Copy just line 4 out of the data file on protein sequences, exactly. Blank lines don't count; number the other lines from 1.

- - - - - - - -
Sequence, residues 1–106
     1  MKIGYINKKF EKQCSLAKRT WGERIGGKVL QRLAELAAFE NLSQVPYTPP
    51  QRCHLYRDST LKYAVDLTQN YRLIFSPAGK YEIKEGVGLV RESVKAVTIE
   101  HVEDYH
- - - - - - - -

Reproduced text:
   101  HVEDYH